Posted Thursday, 26 September 2013 15:54
Anglers will see higher water levels and more active fish this fall
Despite a dry year, this fall will bring great fishing to Utah as the weather cools down and water levels rise. Drew Cushing, warm water sport fisheries coordinator for the Division of Wildlife Resources, has consistently seen fall produce some of the biggest catches and fastest fishing of the year.
Fall is a great time to fish at Scofield Reservoir.
Photo by Brent Stettler, Utah Division of Wildlife Resources
While it's true that some water bodies have low water levels, many still have good water levels that will rise even more this fall. As summer ends, water designated for irrigation is rerouted to Utah's reservoirs. Cooling weather also helps water levels by slowing down evaporation, and loss, of water.
Fall also brings lower water temperatures that help anglers two ways, Cushing says. First, oxygen levels rise as the water cools down, making fish more active.
"Fish are more comfortable, feed aggressively and have more energy when the water has more oxygen in it," he says.
Cushing says cooler water also triggers fish to put on weight for the winter, which is another reason they feed aggressively in the fall.
So, when will this season's prime fishing hit?
Cushing says the best fishing will happen between now and Oct. 5, the date of the next new moon. In mid-October, the best fishing will happen just before and after the full moon. Fish respond to moon phases, especially at the close of summer. Cushing says anglers who time their trips accordingly tend to do well.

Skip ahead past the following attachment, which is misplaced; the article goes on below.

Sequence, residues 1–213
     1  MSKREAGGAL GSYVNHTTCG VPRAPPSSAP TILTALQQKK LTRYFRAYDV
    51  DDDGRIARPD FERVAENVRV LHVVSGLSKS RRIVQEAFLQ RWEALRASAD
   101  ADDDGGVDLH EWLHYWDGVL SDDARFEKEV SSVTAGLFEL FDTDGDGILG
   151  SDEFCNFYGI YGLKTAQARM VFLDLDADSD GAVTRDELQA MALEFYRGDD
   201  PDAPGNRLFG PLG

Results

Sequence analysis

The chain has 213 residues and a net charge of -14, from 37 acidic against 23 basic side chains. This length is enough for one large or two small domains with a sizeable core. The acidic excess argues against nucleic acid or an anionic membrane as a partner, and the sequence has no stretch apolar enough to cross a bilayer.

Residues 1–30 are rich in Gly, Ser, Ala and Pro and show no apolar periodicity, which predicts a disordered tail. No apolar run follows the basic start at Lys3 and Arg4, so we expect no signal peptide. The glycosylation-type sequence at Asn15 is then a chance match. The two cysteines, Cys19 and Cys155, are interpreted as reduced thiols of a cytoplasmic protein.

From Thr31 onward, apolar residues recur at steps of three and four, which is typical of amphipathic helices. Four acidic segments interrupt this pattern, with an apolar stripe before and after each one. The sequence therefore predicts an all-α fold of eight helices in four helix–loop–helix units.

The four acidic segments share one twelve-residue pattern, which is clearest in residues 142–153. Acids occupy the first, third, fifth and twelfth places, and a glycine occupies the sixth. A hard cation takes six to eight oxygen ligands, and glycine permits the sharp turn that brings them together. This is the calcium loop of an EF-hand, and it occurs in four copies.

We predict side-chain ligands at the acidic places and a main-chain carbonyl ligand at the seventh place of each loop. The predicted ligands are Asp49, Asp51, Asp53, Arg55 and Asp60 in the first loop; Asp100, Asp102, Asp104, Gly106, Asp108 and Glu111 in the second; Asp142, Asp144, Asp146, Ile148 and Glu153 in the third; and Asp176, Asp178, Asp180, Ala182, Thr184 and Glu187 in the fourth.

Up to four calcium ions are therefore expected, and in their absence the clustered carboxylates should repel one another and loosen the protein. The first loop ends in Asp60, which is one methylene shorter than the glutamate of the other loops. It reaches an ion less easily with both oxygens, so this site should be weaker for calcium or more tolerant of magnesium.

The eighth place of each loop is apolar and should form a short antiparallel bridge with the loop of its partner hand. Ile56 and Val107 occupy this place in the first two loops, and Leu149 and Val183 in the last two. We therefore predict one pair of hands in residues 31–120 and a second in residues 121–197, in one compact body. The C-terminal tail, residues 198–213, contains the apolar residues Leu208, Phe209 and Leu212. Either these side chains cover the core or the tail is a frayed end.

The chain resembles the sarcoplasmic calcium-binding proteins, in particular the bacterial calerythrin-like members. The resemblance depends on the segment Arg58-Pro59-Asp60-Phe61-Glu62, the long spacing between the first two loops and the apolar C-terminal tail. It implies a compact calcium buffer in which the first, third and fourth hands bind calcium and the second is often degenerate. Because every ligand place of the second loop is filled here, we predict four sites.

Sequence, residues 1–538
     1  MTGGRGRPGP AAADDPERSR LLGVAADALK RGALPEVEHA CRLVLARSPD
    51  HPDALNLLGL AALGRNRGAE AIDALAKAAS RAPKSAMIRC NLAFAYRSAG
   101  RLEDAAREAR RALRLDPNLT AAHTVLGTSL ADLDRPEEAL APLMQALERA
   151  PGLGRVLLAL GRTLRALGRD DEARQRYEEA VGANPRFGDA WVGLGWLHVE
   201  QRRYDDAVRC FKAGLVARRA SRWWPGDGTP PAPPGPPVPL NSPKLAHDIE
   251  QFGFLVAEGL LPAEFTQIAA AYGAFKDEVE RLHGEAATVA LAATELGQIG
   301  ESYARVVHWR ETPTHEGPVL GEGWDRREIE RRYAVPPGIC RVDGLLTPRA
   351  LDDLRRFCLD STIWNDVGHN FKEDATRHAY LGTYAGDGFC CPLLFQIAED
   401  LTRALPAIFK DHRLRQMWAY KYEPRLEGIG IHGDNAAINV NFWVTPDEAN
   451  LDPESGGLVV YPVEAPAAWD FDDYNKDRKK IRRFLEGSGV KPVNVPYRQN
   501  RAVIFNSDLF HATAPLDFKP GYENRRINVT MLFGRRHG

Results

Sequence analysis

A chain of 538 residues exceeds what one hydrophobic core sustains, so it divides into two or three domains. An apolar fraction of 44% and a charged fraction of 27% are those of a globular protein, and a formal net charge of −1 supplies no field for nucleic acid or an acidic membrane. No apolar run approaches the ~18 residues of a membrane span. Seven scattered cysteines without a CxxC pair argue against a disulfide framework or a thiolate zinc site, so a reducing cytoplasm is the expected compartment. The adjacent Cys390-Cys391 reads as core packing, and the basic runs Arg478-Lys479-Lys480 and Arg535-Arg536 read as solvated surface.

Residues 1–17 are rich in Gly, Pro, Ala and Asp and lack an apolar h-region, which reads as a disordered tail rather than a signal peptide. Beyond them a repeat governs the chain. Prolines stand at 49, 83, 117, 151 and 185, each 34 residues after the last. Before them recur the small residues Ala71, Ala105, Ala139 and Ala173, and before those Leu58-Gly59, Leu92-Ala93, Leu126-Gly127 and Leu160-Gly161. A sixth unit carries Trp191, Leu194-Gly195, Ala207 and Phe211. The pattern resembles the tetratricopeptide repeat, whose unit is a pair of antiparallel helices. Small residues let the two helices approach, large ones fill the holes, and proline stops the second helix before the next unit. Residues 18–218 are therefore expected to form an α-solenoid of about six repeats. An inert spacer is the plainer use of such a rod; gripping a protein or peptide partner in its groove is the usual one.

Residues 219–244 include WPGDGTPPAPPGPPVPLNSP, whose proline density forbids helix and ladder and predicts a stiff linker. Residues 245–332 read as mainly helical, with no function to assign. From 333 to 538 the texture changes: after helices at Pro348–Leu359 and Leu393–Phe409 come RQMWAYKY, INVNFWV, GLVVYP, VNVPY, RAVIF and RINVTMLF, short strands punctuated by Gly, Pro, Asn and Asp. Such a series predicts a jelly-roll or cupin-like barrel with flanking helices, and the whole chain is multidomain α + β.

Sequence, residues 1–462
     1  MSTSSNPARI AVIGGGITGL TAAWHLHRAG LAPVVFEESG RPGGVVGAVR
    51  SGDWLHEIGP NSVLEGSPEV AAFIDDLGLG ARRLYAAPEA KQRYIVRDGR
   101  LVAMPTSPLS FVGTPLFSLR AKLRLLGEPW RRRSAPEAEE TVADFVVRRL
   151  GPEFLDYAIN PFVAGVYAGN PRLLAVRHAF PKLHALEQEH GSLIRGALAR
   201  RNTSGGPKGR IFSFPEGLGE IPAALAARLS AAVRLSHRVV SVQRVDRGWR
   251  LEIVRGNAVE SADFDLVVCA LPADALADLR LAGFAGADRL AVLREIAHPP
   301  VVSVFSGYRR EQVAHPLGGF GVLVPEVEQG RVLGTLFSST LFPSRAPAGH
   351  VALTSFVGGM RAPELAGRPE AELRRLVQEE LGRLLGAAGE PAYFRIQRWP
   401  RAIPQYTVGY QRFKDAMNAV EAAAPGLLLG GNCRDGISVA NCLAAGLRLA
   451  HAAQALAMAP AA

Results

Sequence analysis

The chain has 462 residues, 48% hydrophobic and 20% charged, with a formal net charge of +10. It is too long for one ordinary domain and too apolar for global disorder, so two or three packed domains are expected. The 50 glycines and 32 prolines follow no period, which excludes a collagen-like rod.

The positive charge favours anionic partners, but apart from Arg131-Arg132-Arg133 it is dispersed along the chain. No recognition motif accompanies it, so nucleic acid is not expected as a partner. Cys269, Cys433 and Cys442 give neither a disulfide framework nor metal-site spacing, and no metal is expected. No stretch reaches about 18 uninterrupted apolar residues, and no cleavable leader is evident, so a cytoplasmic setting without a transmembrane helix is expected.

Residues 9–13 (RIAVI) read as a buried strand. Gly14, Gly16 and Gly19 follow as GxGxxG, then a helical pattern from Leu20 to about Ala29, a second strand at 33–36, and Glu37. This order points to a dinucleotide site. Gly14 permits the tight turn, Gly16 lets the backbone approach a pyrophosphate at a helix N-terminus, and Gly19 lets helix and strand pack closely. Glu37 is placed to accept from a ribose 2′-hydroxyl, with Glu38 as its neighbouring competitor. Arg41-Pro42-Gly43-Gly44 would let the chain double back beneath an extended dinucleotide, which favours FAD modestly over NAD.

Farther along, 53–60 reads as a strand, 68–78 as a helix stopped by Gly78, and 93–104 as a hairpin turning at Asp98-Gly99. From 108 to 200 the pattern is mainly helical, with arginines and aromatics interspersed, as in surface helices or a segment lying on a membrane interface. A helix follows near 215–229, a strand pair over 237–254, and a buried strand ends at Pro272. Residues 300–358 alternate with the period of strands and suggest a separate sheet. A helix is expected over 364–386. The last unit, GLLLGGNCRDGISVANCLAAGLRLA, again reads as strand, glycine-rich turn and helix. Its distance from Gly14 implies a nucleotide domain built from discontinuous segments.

Cushing expects fishing to be especially good at the following waters this fall:
Starvation Reservoir is always affected by a change in seasons. Each year, some of Starvation's biggest trout and walleye are caught on fall nights using crankbaits and rattletraps.
At Flaming Gorge Reservoir, fishing should stay good through the end of November. At Flaming Gorge, try fishing for big trout, since they'll be getting active this fall.
Willard Bay Reservoir and Bear Lake are two promising waters in northern Utah. Cushing says wiper boils will continue at Willard Bay through the beginning of October. Walleye fishing should stay good through the fall.
At Bear Lake, cutthroat trout and trophy whitefish come unusually far into the shallows in the fall, making them more accessible to anglers.
In central Utah, fishing is good at Strawberry Reservoir for big rainbow and cutthroat trout. Fishing should remain good at Strawberry until ice starts to form.
Scofield Reservoir is the best fall fishing water in southeastern Utah.
Scofield has no shortage of big fish. Cushing says the water is home to cutthroat trout in the 21- to 26-inch range. And the state's tiger trout record has been broken three times in the last two years by anglers fishing at Scofield.
Fishing should remain good at Scofield until the reservoir starts to freeze over.
Sand Hollow Reservoir and Panguitch Lake are the season's can't-miss waters in southwestern Utah. Anglers should try fishing for largemouth bass and bluegill in Sand Hollow, and trout in Panguitch.
To keep an eye on fishing trends this fall, check wildlife.utah.gov/hotspots often. Another good resource is www.bigfishtackle.com.
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